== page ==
In 1964, the board of trustees created the Office of the Dean
of Students to direct and to coordinate all offices concerned with
student services. The dean of students reported directly to the
president. Prior to the creation of the office, the functions of
the dean of students were carried out by various offices throughout
Oberlin Colleges history.
From 1836 to 1894, women students were under the direction of
the Ladies Board of Managers, which was mainly composed of professors
wives. In 1894, the positions of dean of Conservatory women and
dean of College women were created. Over the years such women as
Adelia Field Johnston (1837-1910), Florence Fitch (1875-1951), and
Mildred McAfee (b. 1900) filled the post of dean of College women.
The almost simultaneous resignation in 1935 of both women deans
allowed the positions to be reorganized and combined into one of
fice with two positions, a dean and an assistant dean of women.
The dean of women, elected by the board of trustees, was responsible
to the Womens Board, a body under the General Faculty. The duties
of the office included the administration of social regulations,
the guidance of womens activities, the selection and guidance of
matrons (house directors), the formulation of housing plans, and
the determination of campus employment for female students.
In 1971, another major reorganization of the administration of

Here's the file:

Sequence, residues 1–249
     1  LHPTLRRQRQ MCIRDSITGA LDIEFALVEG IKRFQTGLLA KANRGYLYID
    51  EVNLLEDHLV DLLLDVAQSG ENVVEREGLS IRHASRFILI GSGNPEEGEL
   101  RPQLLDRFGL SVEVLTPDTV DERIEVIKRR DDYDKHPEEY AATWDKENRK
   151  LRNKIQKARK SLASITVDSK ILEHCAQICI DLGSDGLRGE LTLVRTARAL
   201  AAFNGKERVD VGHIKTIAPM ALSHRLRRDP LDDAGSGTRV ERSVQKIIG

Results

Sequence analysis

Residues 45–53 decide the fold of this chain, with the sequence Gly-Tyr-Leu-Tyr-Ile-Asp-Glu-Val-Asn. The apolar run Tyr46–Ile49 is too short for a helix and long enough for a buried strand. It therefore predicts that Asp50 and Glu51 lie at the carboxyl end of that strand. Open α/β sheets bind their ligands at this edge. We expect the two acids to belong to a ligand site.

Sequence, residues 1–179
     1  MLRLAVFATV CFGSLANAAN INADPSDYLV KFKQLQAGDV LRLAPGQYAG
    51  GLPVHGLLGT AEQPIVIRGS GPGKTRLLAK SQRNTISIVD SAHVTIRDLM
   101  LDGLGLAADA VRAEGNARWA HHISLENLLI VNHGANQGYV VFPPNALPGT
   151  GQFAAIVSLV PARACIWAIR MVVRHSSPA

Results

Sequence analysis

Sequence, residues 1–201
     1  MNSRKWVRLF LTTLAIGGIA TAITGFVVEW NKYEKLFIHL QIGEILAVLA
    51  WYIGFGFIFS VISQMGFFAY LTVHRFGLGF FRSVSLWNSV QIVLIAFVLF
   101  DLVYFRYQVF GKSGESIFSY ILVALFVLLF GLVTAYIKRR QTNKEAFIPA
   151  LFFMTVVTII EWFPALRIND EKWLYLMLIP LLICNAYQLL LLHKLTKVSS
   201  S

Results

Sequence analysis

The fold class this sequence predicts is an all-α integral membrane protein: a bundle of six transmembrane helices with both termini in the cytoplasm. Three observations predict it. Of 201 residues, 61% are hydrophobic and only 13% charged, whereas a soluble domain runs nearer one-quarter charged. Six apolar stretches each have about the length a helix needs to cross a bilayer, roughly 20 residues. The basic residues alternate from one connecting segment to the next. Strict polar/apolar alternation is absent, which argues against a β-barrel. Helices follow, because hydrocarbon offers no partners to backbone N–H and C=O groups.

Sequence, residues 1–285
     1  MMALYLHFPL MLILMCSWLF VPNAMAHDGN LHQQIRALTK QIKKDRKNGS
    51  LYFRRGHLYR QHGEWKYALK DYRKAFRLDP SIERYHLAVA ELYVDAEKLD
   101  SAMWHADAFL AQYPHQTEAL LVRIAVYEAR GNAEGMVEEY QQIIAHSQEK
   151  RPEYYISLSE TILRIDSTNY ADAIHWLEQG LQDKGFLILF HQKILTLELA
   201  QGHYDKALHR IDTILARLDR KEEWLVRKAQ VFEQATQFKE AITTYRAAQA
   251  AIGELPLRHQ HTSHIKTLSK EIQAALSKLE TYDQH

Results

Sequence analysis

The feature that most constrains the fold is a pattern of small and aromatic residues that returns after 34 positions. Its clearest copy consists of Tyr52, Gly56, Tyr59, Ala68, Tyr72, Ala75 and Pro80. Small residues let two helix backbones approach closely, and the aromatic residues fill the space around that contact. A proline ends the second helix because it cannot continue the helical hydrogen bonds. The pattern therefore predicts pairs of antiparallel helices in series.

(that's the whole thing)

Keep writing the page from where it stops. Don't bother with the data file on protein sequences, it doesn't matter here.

student affairs took place. The dean of students continued to provide
policy leadership and administrative supervision to all offices
involved with student affairs, but the Offices of the Dean of Men
and the Dean of Women were eliminated. These responsibilities were
redistributed along functional rather than gender lines. Two associate
deans and two assistant deans replaced the deans of men and of women.
One associate dean managed such campus affairs as the student government
and the student judicial system, and the second selected, trained,
and evaluated dormitory staff. One assistant dean was responsible
for overseeing housing and dining facilities, while the other worked
to provide dormitory programs to enrich student life Although the
names of some of the positions within the Office of the Dean of
Students changed between 1971 and 1988, no significant changes were
made in the overall functions of the office until 1989. With the
retirement of Dean George H. Langeler (b.1927), the Office of the
Dean of Students and the Office of Student Services were merged
under the Office of Student Life and Services.
Scope and Content
The records of the Office of the Dean of Students document the
activities of the dean and his staff, including the activities of
the dean of women. Consisting mostly of Dean George H. Langelers
correspondence, the records document the turbulence that existed
on campus in the late 1960s and early 1970s. Topics include abortion,
cohabitation, racism, and the Vietnam War. Various documents, including
financial records, minutes and notes of meetings, and annual reports,
contain information regarding the Office of Dean of Women and women
students. There also are records on the Health Plan Board, which
organized and reviewed the Oberlin College Student Health Plan.